Sarria! I certainly did not believe that I would live to limp my way this far. With only 21 km between Triacastela and Sarria, we left our albergue around 7:30 am in hopes of arriving fairly early in the day. The road was pretty flat, our knees welcomed this break since many of us were injured due to the harsh terrains. On the way to Sarria, I was fortunate to see inside the Monastery of Samos before it closed for the day. It was beautiful (as you can see below) but the stairs leading up to it did a number on my knees. The monastary was everything I imagined it would be with high ceilings and intricate details. I would have liked to stay a bit longer and take pictures but there a monk was waiting to escort people out. With about 10 km left before we arrived at our destination, Gabrielle and I limped on.
After walking along a seemingly endless road, I finally arrived in Sarria and toured the town with my group after a brief nap. The first stop was the Iglesia de San Salvador. The church was built in the 11th century and has an early gothic style evloving from Romanesque architecture. Above the entrance of the side door was a figure with his palms up facing out and his hands are supposedly blessing everyone that passes by. From the church you could see the only tower that remains of the medieval fortress belonging to the town. Next we climbed a short hill which brought us to the Monasterio de Magdalena.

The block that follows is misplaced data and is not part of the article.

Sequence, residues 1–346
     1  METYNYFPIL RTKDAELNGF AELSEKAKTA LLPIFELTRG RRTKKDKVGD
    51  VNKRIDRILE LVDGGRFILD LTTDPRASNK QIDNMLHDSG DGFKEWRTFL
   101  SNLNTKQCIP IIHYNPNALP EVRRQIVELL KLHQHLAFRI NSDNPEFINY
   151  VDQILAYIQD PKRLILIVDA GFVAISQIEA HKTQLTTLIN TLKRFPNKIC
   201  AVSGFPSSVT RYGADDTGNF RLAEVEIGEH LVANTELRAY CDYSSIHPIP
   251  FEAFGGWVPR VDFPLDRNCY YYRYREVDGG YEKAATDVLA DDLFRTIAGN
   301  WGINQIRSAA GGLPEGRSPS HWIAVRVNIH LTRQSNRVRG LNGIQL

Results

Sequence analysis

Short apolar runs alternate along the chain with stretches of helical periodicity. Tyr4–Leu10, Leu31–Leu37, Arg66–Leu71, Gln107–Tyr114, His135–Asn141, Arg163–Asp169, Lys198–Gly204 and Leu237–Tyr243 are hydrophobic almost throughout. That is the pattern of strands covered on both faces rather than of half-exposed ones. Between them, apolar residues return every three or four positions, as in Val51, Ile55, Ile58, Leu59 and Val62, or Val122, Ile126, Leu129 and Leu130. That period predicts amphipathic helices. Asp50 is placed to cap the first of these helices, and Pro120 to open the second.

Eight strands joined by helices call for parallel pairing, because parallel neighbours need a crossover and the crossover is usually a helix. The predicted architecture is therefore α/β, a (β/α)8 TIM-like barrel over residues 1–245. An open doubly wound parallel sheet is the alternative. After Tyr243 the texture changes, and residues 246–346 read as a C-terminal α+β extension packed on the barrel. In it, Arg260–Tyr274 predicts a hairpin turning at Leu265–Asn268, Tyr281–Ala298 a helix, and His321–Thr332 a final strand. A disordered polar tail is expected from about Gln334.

This monastery was founded in the 13th century as a pilgrim hospital by Italian Monks of the Blessed Martyrs of Jesus. Presently, the building houses a small cloister and is a private school. Fortunately for us, there was a strapping young lad who was willing to let our group tour the building, of course that was after he corrected my Spanish. After the tour and our daily reflection ended, half of the group headed to La Iglesia de Santa Marina to have their credenciales stamped. Soon after we all met for dinner at ¨ O Meson das Tapas¨ and enjoyed a delicious 3 course meal. Dr. Gyug ordered octupus for our table which was not as bad as I imagined, really chewy.
There was a fellow peregrino at the table across from us eating alone on his birthday. The waitress asked us to sing Happy Birthday to him when she brought out his desert. So that is exactly what we did, in English of course, what did you expect, Spanish? Monsieur Francois, who is half French and part Trinidadian and Tobago, joined our table for the rest of his dinner. On our way back to the hostal we saw a lot of the people we had met over the course of our trip. It was always a pleasure to encounter people who understood how much of a struggle it was to reach each destination, but they were always genuinely excited to see that WE ALL MADE IT, AGAIN.
No pain, No glory!